Witness the extraordinary case of the current mayor of Goias, Boadyr Veloso, who was sentenced to 13 years in prison for raping seven girls, one as young as 11.

Mayor Veloso, a free man, was 
charged with raping seven girls

Yet he remains a free man thanks to legislation dating back to the 1940s. Under Brazilian law, if a rape victim subsequently gets married, then the process is annulled if she never brings charges.

Veloso had simply organised for all of the girls to get married and gave them money, say the accusers.

All the victims were from a favela in the city. A gynaecologist before entering politics, Veloso, now 66, bought the girls' virginity for around R$100 [$33] each, it is alleged.

One victim told the Brazilian magazine Epoca, which worked with the parliamentary investigators: "It was him that took my virginity. I was 11 years old. People called him uncle. I was just a child. I felt dirty. I did it only for the money.

"At the time in the motel I said that I wanted to leave but he said I had to do it with him. If not, I don't get money. I bought clothes. We had sex many times. I couldn't say anything, could I? I was afraid."

There will be another criminal process as the public ministry tries to annul the weddings they say are "fraudulent", but meanwhile Veloso is standing for re-election in November.

Poverty connection

The Amazonian city of Manaus is labelled the epicentre of child trafficking for prostitution. But after a bitter battle in Congress, the most high-profile political name on the inquiry's list, the vice-governor of Amazonas, Omar Aziz, was taken off at the last minute.

Report author Do Rosario (L) was
under pressure to remove names

Federal deputy Maria do Rosario, who had already warned that she was under strong pressure to remove names, said: "Who voted against, believed in the accused. I believe in the victim."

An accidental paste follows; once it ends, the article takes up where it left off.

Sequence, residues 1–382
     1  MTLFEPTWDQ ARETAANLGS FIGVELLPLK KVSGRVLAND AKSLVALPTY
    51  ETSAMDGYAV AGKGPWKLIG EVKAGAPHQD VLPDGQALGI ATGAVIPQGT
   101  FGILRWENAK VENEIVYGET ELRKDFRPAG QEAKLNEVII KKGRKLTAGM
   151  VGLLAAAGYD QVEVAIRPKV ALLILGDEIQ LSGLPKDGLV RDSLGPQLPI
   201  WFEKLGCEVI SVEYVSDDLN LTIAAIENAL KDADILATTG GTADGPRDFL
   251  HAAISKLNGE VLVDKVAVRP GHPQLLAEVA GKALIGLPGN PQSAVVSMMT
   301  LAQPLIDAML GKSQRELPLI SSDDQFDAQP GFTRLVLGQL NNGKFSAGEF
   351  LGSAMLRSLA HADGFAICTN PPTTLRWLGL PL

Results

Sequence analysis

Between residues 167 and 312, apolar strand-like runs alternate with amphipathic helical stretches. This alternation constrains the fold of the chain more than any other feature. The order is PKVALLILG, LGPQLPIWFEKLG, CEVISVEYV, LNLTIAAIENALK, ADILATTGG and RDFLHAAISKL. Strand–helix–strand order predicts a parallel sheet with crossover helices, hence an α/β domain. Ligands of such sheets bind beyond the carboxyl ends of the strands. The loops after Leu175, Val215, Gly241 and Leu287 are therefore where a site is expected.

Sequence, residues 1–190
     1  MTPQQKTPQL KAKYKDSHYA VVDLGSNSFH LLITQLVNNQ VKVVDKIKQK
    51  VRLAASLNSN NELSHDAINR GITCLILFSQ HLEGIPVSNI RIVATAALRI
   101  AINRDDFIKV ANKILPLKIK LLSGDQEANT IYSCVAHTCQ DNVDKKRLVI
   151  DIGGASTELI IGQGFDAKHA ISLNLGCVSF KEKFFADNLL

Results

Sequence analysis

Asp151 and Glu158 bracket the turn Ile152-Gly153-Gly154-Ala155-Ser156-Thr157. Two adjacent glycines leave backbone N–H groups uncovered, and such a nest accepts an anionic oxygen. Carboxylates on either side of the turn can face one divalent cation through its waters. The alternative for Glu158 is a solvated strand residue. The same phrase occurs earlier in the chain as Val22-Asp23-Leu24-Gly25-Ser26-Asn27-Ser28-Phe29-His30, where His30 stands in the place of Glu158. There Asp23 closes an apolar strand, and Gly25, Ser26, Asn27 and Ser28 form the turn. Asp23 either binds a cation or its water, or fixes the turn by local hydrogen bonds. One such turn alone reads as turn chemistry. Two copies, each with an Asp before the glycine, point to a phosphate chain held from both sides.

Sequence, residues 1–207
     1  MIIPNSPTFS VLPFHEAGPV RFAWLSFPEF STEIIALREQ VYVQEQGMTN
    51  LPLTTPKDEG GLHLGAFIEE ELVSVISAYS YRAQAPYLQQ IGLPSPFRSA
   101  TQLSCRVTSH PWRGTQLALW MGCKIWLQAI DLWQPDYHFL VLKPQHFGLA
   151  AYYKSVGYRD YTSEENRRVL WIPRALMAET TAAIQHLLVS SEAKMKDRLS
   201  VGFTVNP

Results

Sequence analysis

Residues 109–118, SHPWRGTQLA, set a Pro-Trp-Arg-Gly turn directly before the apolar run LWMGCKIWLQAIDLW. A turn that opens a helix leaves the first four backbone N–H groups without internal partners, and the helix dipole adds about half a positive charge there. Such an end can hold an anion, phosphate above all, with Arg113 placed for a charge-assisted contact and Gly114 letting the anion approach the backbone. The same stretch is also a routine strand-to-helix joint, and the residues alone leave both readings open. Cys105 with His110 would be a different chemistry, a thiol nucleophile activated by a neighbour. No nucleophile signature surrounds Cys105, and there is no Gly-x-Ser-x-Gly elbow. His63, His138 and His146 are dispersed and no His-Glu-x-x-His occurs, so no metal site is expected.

Brazil has huge levels of wealth inequality, and unemployment is as high as 20% in states such as Sao Paulo. More than 44 million people of a population of 175 million don't have enough food, according to government figures.

"It is clear that in certain areas, sexual exploitation is connected with poverty," says Senator Patricia Saboya, who is the president of the parliamentary inquiry.

One witness said: "I've seen girls prostitute themselves for a plate of food or for R$1.99 (66 cents). A girl told me: 'At the end of the day, who doesn't want a bag, clothes or a chic pair of shoes?' to justify her prostitution.

"I asked one: 'Why are you not going to study?' And she said: 'Ah, now I can eat as many cheeseburgers as I want.' This has stuck with me until today, because have you even thought that someone would prostitute themselves because they want to eat a cheeseburger? God knows what the story of these cheeseburgers is going to play in her life," the witness said.

Archaic laws

Another important point, according to Senator Saboya, "is that a lot of religious leaders, of the Catholic church, Evangelical and Afro-Brazilian religions, are using their power in the community to sexually exploit children".

One of the accused is the evangelical pastor Davi Moreira Filho of the God and Love Church in Sao Paulo.

"The real aim of this inquiry is to part the waters in the way we think about the issue of protection of children and teenagers in Brazil"

Patricia Saboya,
Senator and president of parliamentary inquiry into
Brazil's child sex rings

The inquiry has also called for an overhaul of Brazil's archaic laws. One demand is to raise many cases that are categorised as "offences against public morals" to "sexual crimes".

Currently there is no law on rape against boys. Also, trafficking of adolescents for sexual abuse is only a crime across international borders and not within Brazil itself.

"The real aim of this inquiry," says Saboya, "is to part the waters in the way we think about the issue of protection of children and teenagers in Brazil."

And to never see a Big Bus again.

*The names of some people have been changed to protect confidentiality